With a tripod-mounted camera, lens (usually a wide-angle) at full aperture and a high ISO setting, the observer hopes that a bright meteor will flash through the field of view while the shutter is open. Digital SLRs (DSLRs) are very efficient at collecting background light from the sky, particularly at a setting of ISO 1600, so exposures should generally be kept relatively short – no more than five minutes’ duration in a really dark, rural location, and probably only 10 to 30 seconds from a more typical observing site. With some DSLRs, the camera can be operated using a programmable timer attached to the shutter control to take repeated exposures one after the other for as long as required, provided the battery is fully-charged beforehand.
Such a set up, under good sky conditions, can capture meteors of magnitude 1 and brighter. Ideal aiming directions are about 20-30 degrees to one side of the radiant at 50 degrees altitude above the horizon – Cygnus in the early evening, the Square of Pegasus later in the night, or towards the north celestial pole, for best results.
Images of meteor tails may be emailed to email@example.com. Image labels should include the name of the imager and the date and time (UT) of the exposure.
Written by John Mason – Section Direcor, Meteor Section
On 15th July, there could be seen an occultation, a grazing occultation, or a conjunction of the Moon and Jupiter depending on your location in the British Isles.
John Vetterlein in Orkney was able to capture a nice range of photos of the conjunction.
You can see more of John’s photos on his own Blog
On Sunday morning, 2012 July 15, observers in southern Britain will have the chance to see a rare and splendid sight: Jupiter and its moons gliding behind the rugged horizon of the Moon’s north pole. This is one of a series of lunar occultations of Jupiter, and the only one which will be visible in a dark or twilight sky from the UK. The northern limit crosses England, giving a grazing occultation along a broad band from East Anglia to SE Wales and Cornwall. Times will vary considerably from place to place, but the full event spans approx. 01:51 to 02:22 UT (02:51 to 03:22 BST) (from disappearance of the first satellite to reappearance of the last satellite at Greenwich).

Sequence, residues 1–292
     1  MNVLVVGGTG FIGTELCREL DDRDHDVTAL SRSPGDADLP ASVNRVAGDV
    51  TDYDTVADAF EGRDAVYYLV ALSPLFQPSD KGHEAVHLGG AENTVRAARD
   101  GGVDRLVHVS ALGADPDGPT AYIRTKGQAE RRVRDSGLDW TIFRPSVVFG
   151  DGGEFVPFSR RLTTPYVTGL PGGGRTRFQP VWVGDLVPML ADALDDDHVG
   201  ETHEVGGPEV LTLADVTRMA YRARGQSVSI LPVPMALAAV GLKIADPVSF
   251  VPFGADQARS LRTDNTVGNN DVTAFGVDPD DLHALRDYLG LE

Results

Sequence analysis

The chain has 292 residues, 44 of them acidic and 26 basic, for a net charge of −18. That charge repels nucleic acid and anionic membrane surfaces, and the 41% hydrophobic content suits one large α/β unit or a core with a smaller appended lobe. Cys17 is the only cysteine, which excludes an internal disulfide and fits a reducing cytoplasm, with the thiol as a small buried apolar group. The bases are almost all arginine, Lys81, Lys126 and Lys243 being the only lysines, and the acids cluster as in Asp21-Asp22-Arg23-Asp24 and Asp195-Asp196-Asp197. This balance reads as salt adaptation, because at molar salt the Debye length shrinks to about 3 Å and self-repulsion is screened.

Full details of the grazing occultation were published by Jan Meeus in the Journal of the BAA, vol.122, p.31 (2012 Feb.).
The full occultation is visible for observers all over Europe except Scandinavia, and details are posted at:
Imaging the event will be a challenge, as the movement will be too fast for normal planetary imaging techniques, and it will be at low altitude in the dawn sky. Short monochrome exposures with a red or infrared filter would optimise the sharpness and brightness of Jupiter. These could then be combined with colour channels from longer exposures just before or after the occultation, to produce L(IR)RGB images. If you produce images, please record how they were made. Drawings will also be welcome.
BAA Jupiter Section Director
Martin Mobberley was able to capture this new nova in Sagittarius via iTelescope.net on July 8th.
The field was only about 22 degrees high, even from New Mexico, at the time.
At Dec -27 it’s difficult (near impossible) to observe from the UK. It’s not really possible to estimate the brightness from this image as the star is saturated but visual observers were reporting a brightness of around mag. 8.